Heading into the weekend so I thought I would tone down a bit from all the hysteria and acrimony bouncing around the art web. Its come to my attention that we are all feeding off each other quite well in this bathysphere of art blogging but that we do too often sound like we are speaking for our own catharsis and perhaps forget why we all started blogging in the first place - catharthis !!!. Kidding, we're all speaking to each other for the purpose of the larger discussion on practice, ART PRACTICE and meaning in all its forms and frustrations.
I'm devouring a new book by the duo of Reiser + Umemoto called the Atlas of Novel Tectonics. Having just finished a wonderful brief encounter with Edgar Allan Poe and his thoughts on composition, I thought I would share with the studio in mind for anyone reading this.
Poe on Composition-
The consideration of effects over history and narrative:
There is a radical error, I think, in the usual mode of constructing a story. Either history affords a thesis - or one is suggested by an incident of the day... I prefer commencing with the consideration of an effect. Keeping originality always in view- for he is false to himself who ventures to dispense with so obvious and so easily attainable a source of interest - I say to myself , in the first place, "oh of the innumerable effects, or impressions, of which the heart, the intellect, or (more generally ) the soul, what one shall I, on the present occasion, select?Second, the establishment of complex repitition:
As commonly used, the refrain, or burden, not only limited to lyric verse, but depends for its impression upon the force of monotone- both in sound and thought. The pleasure is deduced soley from the sense of identity - of repitition. I resolved to diversify, and so vastly heighten, the effect, by adhering, in general, to the monotone of sound, while continually varied that of thought: that is to say, I determined to produce continuously novel effects, by the variation of the application of the refrain - the refrain itself remaining, for the most part, unvaried.Poe's discussion of composition begins with a mood (rhythm/refrain) which later acquires a narrative. Novel Tectonics elaborates further:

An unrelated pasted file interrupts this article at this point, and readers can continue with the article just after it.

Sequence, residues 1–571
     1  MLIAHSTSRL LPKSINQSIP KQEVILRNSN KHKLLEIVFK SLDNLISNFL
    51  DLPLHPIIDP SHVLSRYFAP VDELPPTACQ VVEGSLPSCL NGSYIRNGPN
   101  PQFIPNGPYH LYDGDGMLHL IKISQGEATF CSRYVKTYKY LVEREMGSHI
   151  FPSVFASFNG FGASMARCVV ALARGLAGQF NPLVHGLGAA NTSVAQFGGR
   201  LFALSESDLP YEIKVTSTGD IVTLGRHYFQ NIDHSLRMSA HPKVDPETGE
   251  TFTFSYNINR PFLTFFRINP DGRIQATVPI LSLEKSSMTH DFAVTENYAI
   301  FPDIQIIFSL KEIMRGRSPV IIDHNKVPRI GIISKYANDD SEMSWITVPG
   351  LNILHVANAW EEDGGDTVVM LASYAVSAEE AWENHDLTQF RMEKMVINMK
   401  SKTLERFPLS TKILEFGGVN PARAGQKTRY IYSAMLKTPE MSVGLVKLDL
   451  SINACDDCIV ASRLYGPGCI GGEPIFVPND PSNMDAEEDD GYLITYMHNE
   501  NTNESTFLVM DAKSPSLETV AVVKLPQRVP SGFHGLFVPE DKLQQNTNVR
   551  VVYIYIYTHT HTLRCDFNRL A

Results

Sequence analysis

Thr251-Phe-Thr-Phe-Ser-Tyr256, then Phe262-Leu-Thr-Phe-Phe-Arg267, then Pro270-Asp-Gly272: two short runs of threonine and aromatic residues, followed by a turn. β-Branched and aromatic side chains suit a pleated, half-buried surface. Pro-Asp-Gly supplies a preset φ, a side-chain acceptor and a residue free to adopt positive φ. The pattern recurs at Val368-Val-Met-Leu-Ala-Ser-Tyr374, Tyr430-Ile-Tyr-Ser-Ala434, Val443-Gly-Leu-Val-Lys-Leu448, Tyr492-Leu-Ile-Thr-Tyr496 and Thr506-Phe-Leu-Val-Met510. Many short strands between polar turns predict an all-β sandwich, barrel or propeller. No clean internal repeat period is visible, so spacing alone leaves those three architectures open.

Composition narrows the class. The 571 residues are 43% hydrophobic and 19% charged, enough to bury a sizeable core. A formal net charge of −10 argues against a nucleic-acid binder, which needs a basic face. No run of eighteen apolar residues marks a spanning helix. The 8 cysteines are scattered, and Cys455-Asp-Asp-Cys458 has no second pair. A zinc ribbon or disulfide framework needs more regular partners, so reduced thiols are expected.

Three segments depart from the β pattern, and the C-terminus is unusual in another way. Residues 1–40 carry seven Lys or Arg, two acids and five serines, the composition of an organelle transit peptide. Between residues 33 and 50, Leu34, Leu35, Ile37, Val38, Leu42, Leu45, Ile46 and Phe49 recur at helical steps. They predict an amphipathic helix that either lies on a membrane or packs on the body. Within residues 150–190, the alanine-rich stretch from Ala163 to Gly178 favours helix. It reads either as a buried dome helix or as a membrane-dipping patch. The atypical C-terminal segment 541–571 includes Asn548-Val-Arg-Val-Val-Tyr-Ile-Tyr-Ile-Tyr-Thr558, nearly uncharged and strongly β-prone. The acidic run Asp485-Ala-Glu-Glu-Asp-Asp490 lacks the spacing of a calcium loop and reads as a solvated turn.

The refrain from The Raven, "nevermore" went into the poem before the raven did, in order to generate a certain tonal affect. The narrative came only later, at the end. Continuous variation within a homogenous refrain is also the means of modulating the possible duration of an effect. Variations in thought are generated around the same sound, changing its tone. "Nevermore" is like a zero and a one, it is objectively meaningless repitition read through in various narratives. It is an expression of a certain tone and intensity with variable emotional resonances projecting from it, including humor. "Nevermore" is the migration of the diagram.It is the speed or slowness which causes the diagram to have particular and emotional resonances of understanding as well as creative staying power. The diagram or tone is the template for the practice or the act itself, which allows the artist to compose and navigate with an endless range of emotive and intellectual particularity without getting too mired in the topical (contemporary) or historical (nostalgic). Poe is genious and certianly an Art for Art Sake guy, but I think this idea of a tonal centerpiece, an intensity strategy rather, is fascinating and bodes well for hard questioning within the studio practice. It allows one to discover complex variables derived from a simple and personal constant - whatever form that diagram may take, refrain, rhythm, sound, color, melancholy, humor, etc. It hints at finding an element(s) within a process that can be constantly mined without trying to reinvent the wheel everytime you confront making. This has tremendous value, and I would argue, frees the mind to really find new routes of discovery without getting dragged down by discourse fears and demands.